Chef Chambrette’s Rum Babas

In Remembrance of Chef Chambrette

We mourn the loss of the great Chef Chambrette and we pay tribute to his memory by sharing his signature recipe for Rum Babas with you, below.  From the beginning, Chef Chambrette anchored the teaching staff at La Varenne Cooking School in Paris.  He was always unstinting in sharing his favorite recipes and his Rum Babas were legendary.  For many years, they were a taxing exam dish at La Varenne.  Rum Babas are not just a simple yeast cake – finesse is required to get them just right.

Babas au Rhum

Makes 12 medium babas

3 Tbs lukewarm water
1 Tbs dry yeast
2 cups flour
1 tsp salt
1 Tbs sugar
3 eggs, beaten to mix
3/4 cup dried currants
3 Tbs dark rum
1/2 cup butter, softened, more for the molds

Rum Syrup
2 cups sugar
3 cups water
11/2 cup dark rum, more to taste

Decoration (optional)
3 to 4 candied cherries
3 to 4 slices of candied orange peel

Twelve 7Tbs/100-ml/2″ baba molds.
To make the babas, put the lukewarm water in a small bowl, sprinkle over the yeast, and leave until dissolved, about 5 minutes. Sift the flour, salt, and sugar into a warmed bowl, make a well in the center, and add the yeast mixture and eggs to the well. With your hand, stir the central ingredients, and then gradually draw in the flour to make a smooth dough. It should be very soft. Cup your hand and knead the dough in a slapping motion against the side of the bowl. Continue until it is shiny and very smooth, about 5 minutes. Alternatively, mix and knead the dough in a stand mixer fitted with the dough hook. Cover the bowl with a damp cloth and leave the dough to rise in a warm place until doubled in bulk, 1 to 1 1/4 hours. Meanwhile, soak the currants in the rum.

Generously butter the molds, chill in the freezer until set, and butter a second time. When the dough has risen, knead it lightly to knock out the air. Add the softened butter and continue beating with your hand until the butter is incorporated, 1 to 2 minutes. Beat the currants and rum into the dough. Using 2 teaspoons, drop the dough into the prepared molds, filling them about a half full and without letting dough drip onto the sides. Set the molds on a baking sheet, cover them with adrycloth, and let the dough rise until the molds are full, 30 to 45 minutes. Heat the oven to 400˚F/200˚C.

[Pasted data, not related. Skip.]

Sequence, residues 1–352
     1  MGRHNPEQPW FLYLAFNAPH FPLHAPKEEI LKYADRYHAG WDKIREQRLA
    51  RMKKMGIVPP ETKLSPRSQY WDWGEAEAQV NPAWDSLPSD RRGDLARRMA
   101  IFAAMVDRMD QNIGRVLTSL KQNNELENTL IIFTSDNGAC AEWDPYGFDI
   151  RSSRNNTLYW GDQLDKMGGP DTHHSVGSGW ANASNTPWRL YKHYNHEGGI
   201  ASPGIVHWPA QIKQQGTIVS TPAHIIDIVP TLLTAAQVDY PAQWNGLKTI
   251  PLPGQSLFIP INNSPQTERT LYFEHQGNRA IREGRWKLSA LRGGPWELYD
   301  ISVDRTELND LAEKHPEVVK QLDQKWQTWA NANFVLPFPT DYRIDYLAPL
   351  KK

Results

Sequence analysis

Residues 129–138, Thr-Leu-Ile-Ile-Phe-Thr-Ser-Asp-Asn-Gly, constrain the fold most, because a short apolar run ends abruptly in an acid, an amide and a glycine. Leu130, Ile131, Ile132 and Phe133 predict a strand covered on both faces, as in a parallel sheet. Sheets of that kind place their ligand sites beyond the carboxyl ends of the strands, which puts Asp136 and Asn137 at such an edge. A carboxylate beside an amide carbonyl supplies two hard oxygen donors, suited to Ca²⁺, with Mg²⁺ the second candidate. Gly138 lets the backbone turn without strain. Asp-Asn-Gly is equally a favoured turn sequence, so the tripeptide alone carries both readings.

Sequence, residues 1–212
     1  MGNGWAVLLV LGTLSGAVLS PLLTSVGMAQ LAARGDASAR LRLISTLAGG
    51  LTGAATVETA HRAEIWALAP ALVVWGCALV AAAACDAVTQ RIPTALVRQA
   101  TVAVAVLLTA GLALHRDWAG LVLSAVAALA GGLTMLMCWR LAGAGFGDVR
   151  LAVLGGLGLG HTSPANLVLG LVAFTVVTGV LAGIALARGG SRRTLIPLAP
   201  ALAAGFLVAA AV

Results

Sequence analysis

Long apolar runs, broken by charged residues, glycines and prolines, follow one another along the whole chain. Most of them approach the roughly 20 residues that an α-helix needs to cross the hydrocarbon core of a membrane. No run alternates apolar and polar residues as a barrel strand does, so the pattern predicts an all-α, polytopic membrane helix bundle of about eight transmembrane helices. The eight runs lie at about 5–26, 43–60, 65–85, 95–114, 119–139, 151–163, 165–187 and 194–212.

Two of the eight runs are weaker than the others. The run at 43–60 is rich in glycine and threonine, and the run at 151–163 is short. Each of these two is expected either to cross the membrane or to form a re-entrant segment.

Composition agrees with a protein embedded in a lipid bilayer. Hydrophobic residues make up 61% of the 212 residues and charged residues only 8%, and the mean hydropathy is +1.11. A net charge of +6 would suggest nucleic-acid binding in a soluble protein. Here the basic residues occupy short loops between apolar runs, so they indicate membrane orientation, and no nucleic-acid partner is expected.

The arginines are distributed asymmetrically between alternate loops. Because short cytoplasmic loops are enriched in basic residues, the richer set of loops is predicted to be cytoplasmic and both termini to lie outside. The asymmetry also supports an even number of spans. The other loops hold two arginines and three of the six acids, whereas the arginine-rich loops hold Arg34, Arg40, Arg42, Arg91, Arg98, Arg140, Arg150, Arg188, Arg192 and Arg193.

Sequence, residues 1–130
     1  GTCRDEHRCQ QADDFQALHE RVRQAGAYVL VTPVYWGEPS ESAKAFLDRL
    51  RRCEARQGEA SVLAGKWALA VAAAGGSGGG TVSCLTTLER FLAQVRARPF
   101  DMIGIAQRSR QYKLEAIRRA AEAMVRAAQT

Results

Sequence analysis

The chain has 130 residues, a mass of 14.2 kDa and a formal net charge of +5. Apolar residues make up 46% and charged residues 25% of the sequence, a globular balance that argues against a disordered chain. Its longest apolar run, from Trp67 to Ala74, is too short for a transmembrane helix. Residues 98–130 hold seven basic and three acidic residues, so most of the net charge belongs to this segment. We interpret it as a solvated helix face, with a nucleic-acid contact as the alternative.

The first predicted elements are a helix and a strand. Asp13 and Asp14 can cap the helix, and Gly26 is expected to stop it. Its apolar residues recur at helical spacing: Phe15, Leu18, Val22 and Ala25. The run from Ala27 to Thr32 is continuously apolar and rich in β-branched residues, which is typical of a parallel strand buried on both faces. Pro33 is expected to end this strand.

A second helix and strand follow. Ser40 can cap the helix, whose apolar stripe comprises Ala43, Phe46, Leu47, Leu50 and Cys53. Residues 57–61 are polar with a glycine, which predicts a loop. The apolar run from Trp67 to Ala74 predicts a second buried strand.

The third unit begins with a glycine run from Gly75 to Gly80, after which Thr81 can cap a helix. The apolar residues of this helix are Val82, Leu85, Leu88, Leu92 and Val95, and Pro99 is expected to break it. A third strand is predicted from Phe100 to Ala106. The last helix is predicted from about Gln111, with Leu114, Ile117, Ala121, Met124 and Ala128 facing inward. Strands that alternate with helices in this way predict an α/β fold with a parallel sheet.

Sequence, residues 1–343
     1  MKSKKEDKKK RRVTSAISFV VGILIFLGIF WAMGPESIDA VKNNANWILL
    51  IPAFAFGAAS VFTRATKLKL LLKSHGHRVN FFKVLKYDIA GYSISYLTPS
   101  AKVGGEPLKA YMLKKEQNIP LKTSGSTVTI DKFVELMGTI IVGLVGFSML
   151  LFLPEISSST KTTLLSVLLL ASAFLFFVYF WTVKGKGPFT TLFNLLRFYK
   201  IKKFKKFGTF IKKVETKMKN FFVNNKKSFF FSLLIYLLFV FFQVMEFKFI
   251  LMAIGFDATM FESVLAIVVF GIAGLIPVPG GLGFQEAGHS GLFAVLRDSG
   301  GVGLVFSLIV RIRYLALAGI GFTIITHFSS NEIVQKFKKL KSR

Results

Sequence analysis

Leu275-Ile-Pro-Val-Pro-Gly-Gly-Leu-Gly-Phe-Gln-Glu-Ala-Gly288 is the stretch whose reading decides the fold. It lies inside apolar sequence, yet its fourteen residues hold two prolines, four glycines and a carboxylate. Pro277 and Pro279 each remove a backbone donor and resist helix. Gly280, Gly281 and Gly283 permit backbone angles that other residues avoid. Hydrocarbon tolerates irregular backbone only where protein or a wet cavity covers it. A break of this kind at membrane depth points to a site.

When risen, bake the babas until they are golden brown and have started to shrink from the side of the molds, 20 to 25 minutes. Unmold and leave them to cool on a rack. If you can bake the babas a day ahead and leave them uncovered overnight, so much the better. They will dry and absorb more syrup.

For the syrup, heat the sugar and water in a sauté pan or wide, shallow saucepan over medium heat, stirring occasionally until the sugar is dissolved. Bring the syrup to a boil and boil rapidly for 2 to 3 minutes.. Turn off the heat and stir in 1/4 cup/60 ml of the rum. Drop the babas into the hot syrup. Turn and baste them so they absorb as much as possible, almost doubling their original size. Transfer them to a platter or individual plates with a draining spoon, layering them on their sides. If you need to soak the babas in 2 batches, reheat the syrup before adding the second batch. Reserve any leftover syrup. The babas may be soaked 4 to 6 hours ahead and kept tightly covered at room temperature.

To finish, if you like, decorate each baba with a nugget of candied cherry, surrounding it with small pieces of candied orange peel.  Sprinkle each baba with 1 teaspoon of neat rum to add fresh flavor. If any syrup remains, lace it with a bit more rum and serve it in a pitcher with the babas.


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